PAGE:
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Mind your language

Mind your language: Hobson’s choice

22 June 2013

9:00 AM

22 June 2013

9:00 AM

An Iranian on the wireless was complaining that disqualification of presidential candidates had left voters with ‘Hobson’s choice’. No doubt this idiom was learnt from a careful teacher, but I wondered how many English people would use it or even know its meaning.

All Spectator readers do, of course. In the original Spectator for 10 October 1712, Richard Steele told how ‘Tobias Hobson’ a carrier of Cambridge, hired out horses but obliged each customer ‘to take the Horse which stood next to the Stable-Door; so that every Customer was alike well served according to his Chance, and every Horse ridden with the same Justice’. So Hobson’s choice came to mean ‘this or nothing’.

Steele was careless to call Hobson (1545–1631) ‘Tobias’, for his name was Thomas. Hobson’s choice naturally found a place in E. Cobham Brewer’s Dictionary of Phrase and Fable, a book that tells us what people thought was the case, rather than accurate facts. He retails the name Tobias.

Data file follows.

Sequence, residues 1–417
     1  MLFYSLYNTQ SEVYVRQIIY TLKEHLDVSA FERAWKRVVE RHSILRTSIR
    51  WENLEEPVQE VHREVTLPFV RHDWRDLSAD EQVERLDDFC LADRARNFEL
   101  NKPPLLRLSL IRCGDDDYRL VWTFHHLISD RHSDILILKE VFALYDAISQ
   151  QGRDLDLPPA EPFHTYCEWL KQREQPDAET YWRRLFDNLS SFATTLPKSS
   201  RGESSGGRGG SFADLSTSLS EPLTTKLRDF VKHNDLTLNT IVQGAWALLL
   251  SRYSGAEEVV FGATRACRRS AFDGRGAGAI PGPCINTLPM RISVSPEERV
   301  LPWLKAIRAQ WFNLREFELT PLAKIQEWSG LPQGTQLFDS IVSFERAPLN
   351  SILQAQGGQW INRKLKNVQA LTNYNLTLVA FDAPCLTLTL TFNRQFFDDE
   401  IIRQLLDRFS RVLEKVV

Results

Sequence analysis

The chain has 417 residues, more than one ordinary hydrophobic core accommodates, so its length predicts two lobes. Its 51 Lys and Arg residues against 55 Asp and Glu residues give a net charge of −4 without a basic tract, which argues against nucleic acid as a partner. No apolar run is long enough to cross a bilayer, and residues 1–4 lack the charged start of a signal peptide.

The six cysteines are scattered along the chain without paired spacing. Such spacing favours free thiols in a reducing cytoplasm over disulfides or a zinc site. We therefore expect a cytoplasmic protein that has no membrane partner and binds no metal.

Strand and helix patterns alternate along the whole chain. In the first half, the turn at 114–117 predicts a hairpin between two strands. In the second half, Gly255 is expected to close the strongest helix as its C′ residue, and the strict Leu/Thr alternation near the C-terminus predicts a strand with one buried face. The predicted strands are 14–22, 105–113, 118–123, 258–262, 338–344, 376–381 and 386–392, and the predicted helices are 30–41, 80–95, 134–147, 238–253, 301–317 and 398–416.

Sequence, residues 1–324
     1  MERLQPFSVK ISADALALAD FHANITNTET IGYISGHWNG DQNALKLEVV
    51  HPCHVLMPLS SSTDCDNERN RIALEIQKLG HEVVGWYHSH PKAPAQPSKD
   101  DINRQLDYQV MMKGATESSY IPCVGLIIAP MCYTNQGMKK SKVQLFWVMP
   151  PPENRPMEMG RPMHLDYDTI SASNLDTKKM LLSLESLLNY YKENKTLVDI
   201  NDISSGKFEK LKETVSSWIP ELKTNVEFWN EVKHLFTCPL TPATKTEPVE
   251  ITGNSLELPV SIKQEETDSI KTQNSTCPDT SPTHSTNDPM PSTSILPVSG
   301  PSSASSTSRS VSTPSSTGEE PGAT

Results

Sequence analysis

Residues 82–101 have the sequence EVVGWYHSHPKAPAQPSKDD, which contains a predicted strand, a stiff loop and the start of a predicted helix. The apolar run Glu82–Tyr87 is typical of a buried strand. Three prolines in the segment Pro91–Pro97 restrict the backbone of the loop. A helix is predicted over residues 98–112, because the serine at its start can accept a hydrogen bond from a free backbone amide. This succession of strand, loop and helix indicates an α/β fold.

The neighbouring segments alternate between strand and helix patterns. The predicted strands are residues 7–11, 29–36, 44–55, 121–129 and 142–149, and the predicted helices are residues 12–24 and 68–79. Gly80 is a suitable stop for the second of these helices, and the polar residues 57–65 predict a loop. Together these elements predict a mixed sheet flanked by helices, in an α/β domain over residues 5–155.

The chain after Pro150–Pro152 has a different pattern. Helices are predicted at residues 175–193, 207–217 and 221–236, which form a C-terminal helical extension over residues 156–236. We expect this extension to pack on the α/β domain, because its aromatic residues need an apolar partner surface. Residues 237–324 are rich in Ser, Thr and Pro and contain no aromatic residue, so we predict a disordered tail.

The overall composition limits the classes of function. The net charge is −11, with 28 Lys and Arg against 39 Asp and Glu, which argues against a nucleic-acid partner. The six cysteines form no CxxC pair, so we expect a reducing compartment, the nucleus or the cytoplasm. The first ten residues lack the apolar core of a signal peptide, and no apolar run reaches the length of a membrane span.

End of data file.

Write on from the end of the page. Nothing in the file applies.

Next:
Milton at the age of 22 wrote two joky epitaphs upon Hobson, as other undergraduates in Cambridge were doing in 1631. The second is, I think, better, with its conceit that Hobson ‘died of heaviness [sadness] that his cart went light’, and ‘lack of load made his life burdensome’, and so ‘even to his last breath (there be that say’t) / As he were pressed to death, he cried: More weight.’ A jest about being pressed to death is just the sort of hard humour we might expect from Milton.

The phrase Hobson’s choice was still regarded as an asset for the name of a play when Harold Brighouse used it in 1915. When it was turned into a film by David Lean (Charles Laughton, Brenda De Banzie, John Mills) in 1954, Brighouse was still alive. The play was revived in Sheffield in 2011, but I didn’t see it.

A list of such (moribund) proverbial idioms would surely include: The case is altered, quoth Plowden (of which Brewer gave a nonsensical explanation). Its link with Edmund Plowden (1518–85) was noted in the old DNB but excised from the new ODNB. Even if not historical, it should have been discussed in the entry, if only for the benefit of Iranian students.

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